2. Plop the cooled noodles into a large mixing bowl add 2 teaspoon of dark sesame oil and using clean hands carefully toss the noodles until nicely coated. Set aside.
    Make the sauce
  1. In a medium mixing bowl add the toasted sesame oil, soy sauce, rice vinegar, sesame paste or tahini, peanut butter, brown sugar, chili garlic paste, black vinegar, minced garlic and minced ginger. With a wire whisk, whisk all the ingredients together until smooth and incorporated. Taste the sauce and correct the seasoning with using any of the sesame sauce ingredients you wish, if needed.
  2. Add about 2/3 of the sauce to the noodles and toss with your clean hands to evenly coat the noodles. Taste and add more sauce if needed.
  3. Drain the scallions and radishes and pat dry.
  4. Add most of the remaining vegetables to the noodles, leaving some for a garnishing. Toss with your hands to mix together.
  5. Scoop the cold sesame noodles out of the bowl and onto a serving dish and garnish with sesame seeds, chopped peanuts, cilantro if using, and remaining vegetables.
  6. Serve immediately.
  7. Do ahead note- If you make this in advance. Mix together the noodles and the vegetables and cover with plastic wrap and refrigerate. Make the sesame sauce and cover with plastic wrap and keep on the counter until ready to serve. Add the sauce to the noodles right before serving.

Notes

There are two types of sesame oil. One is light in color and the other is darker because it is made with toasted sesame seeds. This recipe uses the darker sesame oil and is found in health food stores, Asian markets, or the international food section at your grocery store. Store dark sesame oil in your refrigerator, especially if you do not use it that often. My favorite brand is Spectrum and found in Health Food Stores, Trader Joes, and Whole Foods.

Chili garlic paste is found in most Asian markets and similar too Sambal Oelek. You can substitute these items with Hot Chili oil if you cannot find them. Add a little and taste as you mix the sauce, then add more as needed. If you want to keep your costs down and already have Sriracha sauce, use that instead. It has a very different flavor from the garlic chili paste but it does have a nice spicy flavor.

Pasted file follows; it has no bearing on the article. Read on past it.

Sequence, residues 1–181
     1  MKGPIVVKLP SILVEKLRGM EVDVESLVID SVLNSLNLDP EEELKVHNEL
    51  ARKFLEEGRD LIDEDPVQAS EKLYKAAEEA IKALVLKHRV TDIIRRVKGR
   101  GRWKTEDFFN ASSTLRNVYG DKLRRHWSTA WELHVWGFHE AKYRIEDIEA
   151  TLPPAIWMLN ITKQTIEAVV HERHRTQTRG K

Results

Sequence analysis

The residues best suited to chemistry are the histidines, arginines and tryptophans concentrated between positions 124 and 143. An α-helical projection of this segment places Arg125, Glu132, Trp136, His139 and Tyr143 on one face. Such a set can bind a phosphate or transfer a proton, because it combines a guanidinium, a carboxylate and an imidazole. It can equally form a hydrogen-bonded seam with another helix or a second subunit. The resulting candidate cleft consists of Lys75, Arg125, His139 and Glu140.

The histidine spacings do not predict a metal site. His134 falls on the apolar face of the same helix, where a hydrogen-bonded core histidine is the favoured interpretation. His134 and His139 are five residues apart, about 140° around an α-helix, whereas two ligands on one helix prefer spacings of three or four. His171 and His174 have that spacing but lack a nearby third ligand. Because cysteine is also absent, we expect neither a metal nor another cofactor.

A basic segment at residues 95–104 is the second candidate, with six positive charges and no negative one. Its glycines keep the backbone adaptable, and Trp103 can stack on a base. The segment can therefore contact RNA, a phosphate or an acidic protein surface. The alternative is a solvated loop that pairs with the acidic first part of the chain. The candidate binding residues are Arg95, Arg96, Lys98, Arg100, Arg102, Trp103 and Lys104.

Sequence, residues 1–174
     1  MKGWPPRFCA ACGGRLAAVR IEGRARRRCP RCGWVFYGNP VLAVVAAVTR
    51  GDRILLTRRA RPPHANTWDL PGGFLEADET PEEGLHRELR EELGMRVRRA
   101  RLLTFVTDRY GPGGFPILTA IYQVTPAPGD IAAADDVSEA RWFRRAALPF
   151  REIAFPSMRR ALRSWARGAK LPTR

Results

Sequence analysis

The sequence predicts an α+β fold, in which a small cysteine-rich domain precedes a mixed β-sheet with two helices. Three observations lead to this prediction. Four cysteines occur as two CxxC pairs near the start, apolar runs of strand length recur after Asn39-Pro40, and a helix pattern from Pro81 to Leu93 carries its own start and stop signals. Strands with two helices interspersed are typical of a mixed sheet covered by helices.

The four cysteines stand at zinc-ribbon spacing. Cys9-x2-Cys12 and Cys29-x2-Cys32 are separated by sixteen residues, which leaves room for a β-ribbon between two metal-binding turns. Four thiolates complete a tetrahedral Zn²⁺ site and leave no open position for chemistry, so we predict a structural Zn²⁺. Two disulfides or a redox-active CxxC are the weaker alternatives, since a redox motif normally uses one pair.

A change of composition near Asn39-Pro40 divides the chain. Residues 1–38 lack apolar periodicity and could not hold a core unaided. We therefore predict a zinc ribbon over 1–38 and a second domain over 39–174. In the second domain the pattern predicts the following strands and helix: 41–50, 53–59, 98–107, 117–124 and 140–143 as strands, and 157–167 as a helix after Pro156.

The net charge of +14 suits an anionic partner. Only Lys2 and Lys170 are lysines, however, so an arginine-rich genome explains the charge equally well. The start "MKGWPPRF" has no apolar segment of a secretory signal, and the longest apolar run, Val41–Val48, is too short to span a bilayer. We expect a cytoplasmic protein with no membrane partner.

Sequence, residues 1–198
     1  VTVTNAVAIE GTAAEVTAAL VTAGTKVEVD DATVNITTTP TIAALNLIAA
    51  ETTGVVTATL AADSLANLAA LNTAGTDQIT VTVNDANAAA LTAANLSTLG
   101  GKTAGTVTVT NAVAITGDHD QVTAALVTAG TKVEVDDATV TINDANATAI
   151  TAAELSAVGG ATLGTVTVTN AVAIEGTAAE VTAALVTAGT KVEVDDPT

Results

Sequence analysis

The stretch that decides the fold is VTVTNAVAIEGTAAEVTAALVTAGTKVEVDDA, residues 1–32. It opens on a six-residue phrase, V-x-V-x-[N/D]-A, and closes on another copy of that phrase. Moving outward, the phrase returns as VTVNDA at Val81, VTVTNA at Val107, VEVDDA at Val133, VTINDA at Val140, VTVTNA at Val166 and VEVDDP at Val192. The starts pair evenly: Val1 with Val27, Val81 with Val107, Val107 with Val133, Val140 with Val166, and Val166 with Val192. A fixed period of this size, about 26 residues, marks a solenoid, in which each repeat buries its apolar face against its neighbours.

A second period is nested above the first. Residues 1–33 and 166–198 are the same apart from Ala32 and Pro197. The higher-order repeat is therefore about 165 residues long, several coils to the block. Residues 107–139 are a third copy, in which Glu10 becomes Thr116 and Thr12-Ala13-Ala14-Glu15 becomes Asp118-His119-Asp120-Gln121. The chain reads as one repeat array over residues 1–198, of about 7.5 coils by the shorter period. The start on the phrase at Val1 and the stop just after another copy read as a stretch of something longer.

Black vinegar is also a specialty item found in Asian Markets. It has a very strong flavor and adds some great depth to the sauce. I totally understand if you want to skip out on buying it, but it will last forever in a cool pantry and is used in many Asian food recipes.

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A recipe for Cold Sesame Noodles

© 2018, Ginger Smith- Lemon Thyme and Ginger. All rights reserved.

Quick and Crunchy Jasmine Rice

Quick and Crunchy Jasmine Rice, recipe.

The first time I saw my husband drowning his rice with soy sauce, I knew I needed to find a way to change this habit. No matter what we were eating if there was white or brown rice, the soy sauce came out of the refrigerator and set at the table. The irony is, he did not pour soy sauce on his rice when we ate Chinese food. For some reason, rice bathed in soy sauce really bothered me, especially when our sons followed his example. To me it was like adding a tablespoon of table salt to the already seasoned rice. All you would taste is the soy sauce and not the rice. Basmati or jasmine rice have such a clean flavor and is a lovely compliment for the main entrée at its side. It is a shame to disguise the clean flavor of this comforting grain.

From that moment, I changed the way I cook rice. Unless I am serving rice with a stew or a saucy entrée, I usually cook rice in vegetable or chicken stock and add some sautéed mushrooms and green peas. The mushrooms add subtle flavor and usually compliments the other parts of the meal. Even those perks can get mundane if it is a regular item with dinner. It is time to switch things up.